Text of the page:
New concepts of IL-10-induced lung fibrosis: Fibrocyte recruitment and M2 activation in a CCL2/CCR2 axis

Lei Sun, Marisa C. Louie, Kevin M. Vannella, Carol A. Wilke, Ann Marie Levine, Bethany B. Moore, Thomas P. Shanley

Research output: Contribution to journalArticlepeer-review

198 Scopus citations


IL-10 is most commonly recognized as an anti-inflammatory cytokine possessing immunosuppressive effects necessary for regulated resolution of proinflammation. However, its role in the development of fibrosis during inflammatory resolution has not been clear. Few prior studies have linked IL-10 with the inhibition of fibrosis principally on the basis of regulating inflammation thought to be driving fibroprolifera-tion. In contrast, in a model of long-term overexpression of IL-10, we observed marked induction of lung fibrosis in mice. The total cell number retrieved by bronchoalveolar lavage (BAL) increased 10-fold in the IL-10 overexpression (IL-10 OE) mice, with significant infiltration of T and B lymphocytes and collagen-producing cells. The presence of increased fibrocytes, isolated from collagenase-digested lungs, was identified by flow cytometry using dual staining of CD45 and collagen 1. Quantitative PCR analysis on an array of chemokine/ chemokine receptor genes showed that receptor CCR2 and its ligand, CCL2, were highly upregulated in IL-10 OE mice, suggesting that IL-10-induced fibrocyte recruitment was CCL2/CCR2 specific. Given the prior association of alternatively activated (M2) macrophages with development of fibrosis in other disease states, we also examined the effect of IL-10 OE on the M2 macrophage axis. We observed significantly increased numbers of M2 macrophages in both BAL and whole lung tissue from the IL-10 OE mice. Administration of rabbit anti-CCL2 antiserum to IL-10 OE mice for three consecutive weeks significantly decreased fibrosis as evidenced by lung hydroxyproline content, compared with mice that received preimmune rabbit serum. These results indicate that overexpression of IL-10 induces fibrosis, in part, by fibrocyte recruitment and M2 macrophage activation, and likely in a CCL2/CCR2 axis.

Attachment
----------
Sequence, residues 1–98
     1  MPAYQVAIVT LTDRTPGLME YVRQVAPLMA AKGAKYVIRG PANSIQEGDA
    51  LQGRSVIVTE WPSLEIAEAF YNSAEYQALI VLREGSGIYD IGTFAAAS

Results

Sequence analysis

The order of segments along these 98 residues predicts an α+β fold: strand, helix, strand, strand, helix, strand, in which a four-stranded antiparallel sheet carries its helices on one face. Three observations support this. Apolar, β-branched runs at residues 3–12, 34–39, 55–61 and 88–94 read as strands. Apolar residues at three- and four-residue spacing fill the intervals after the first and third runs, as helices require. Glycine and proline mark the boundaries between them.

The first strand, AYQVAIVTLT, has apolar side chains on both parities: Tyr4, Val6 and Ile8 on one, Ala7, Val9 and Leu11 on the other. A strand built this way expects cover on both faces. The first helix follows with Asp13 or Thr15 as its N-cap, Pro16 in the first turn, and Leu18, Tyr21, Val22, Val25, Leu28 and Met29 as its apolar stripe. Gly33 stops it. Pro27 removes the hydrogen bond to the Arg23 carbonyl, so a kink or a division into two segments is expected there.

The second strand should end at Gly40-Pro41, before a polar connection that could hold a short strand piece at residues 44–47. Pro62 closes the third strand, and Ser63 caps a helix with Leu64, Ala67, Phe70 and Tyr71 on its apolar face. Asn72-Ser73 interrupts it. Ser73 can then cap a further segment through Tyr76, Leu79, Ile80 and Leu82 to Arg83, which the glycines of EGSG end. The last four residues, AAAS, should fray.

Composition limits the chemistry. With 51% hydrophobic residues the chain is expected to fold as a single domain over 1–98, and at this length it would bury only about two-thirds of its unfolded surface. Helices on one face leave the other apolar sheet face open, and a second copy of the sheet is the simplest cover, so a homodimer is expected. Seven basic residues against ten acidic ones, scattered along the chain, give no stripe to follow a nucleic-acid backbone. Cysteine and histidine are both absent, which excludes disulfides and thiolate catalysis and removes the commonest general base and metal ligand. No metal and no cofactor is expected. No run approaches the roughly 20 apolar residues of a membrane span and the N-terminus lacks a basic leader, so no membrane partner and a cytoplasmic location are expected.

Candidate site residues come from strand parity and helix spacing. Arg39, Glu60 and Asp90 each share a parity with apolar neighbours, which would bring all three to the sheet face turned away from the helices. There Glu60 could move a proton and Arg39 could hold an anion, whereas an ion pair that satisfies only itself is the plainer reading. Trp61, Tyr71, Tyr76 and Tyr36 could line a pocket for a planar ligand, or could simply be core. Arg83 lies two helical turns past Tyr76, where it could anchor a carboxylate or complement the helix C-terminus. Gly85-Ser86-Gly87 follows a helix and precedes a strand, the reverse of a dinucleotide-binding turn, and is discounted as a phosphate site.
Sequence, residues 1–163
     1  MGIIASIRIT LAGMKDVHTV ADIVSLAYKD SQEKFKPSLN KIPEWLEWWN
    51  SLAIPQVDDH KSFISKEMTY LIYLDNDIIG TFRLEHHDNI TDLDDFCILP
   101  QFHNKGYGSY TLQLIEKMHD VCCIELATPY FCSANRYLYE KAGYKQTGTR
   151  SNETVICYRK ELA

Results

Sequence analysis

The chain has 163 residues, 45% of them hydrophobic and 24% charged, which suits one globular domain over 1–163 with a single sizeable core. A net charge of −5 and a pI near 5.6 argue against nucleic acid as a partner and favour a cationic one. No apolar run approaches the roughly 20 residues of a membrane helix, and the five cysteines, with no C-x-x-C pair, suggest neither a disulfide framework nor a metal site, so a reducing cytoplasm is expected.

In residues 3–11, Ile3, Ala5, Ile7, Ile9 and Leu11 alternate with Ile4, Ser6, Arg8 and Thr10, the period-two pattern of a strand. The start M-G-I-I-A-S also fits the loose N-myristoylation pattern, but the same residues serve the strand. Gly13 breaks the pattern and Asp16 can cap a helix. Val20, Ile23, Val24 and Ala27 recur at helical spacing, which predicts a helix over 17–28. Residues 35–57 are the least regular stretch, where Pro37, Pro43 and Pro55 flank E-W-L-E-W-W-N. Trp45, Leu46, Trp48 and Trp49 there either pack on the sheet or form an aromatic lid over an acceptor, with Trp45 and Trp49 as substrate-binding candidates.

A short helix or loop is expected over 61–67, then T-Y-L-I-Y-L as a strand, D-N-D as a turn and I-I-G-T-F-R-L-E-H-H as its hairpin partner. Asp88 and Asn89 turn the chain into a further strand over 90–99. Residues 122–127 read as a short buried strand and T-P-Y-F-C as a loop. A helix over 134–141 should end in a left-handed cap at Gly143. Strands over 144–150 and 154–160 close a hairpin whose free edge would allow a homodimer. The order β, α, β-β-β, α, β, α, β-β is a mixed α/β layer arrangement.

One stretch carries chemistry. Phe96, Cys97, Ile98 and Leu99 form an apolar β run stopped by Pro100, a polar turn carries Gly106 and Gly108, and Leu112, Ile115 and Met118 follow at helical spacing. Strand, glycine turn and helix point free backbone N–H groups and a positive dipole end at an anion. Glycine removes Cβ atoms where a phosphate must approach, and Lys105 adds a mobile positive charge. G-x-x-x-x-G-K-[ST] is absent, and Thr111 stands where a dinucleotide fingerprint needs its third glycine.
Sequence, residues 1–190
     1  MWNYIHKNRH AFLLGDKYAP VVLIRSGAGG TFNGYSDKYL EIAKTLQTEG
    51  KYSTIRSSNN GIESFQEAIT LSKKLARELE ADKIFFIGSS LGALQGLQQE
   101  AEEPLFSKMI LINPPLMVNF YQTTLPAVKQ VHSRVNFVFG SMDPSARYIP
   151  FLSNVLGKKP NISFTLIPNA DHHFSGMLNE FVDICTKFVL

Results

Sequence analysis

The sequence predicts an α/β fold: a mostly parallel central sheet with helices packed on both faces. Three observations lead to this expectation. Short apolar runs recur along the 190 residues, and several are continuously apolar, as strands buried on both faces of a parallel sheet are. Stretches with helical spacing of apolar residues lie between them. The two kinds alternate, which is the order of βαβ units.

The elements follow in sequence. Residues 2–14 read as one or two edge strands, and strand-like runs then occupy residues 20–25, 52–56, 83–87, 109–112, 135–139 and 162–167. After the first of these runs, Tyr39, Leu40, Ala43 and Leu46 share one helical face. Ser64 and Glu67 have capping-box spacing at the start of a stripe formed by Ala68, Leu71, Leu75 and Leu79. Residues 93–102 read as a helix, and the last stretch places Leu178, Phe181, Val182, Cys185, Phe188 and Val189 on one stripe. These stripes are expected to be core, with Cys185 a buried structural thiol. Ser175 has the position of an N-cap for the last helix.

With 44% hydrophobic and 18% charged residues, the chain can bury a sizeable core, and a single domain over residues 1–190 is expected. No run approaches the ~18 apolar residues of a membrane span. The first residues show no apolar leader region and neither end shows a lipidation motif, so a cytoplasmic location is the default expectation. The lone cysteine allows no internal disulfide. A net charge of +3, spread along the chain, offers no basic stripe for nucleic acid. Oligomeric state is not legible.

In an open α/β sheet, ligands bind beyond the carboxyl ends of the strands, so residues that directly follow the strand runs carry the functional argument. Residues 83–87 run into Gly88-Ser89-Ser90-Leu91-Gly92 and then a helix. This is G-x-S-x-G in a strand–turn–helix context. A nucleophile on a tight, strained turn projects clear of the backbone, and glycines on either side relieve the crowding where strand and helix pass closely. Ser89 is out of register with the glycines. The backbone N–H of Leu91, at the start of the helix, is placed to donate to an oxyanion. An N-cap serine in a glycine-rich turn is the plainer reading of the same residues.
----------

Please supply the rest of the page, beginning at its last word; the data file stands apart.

Original languageEnglish (US)
Pages (from-to)L341-L353
JournalAmerican Journal of Physiology - Lung Cellular and Molecular Physiology
Issue number3
StatePublished - Mar 1 2011


  • Alveolar macrophage
  • Chemokine
  • Inflammation

ASJC Scopus subject areas

  • Physiology (medical)
  • Physiology
  • Pulmonary and Respiratory Medicine
  • Cell Biology


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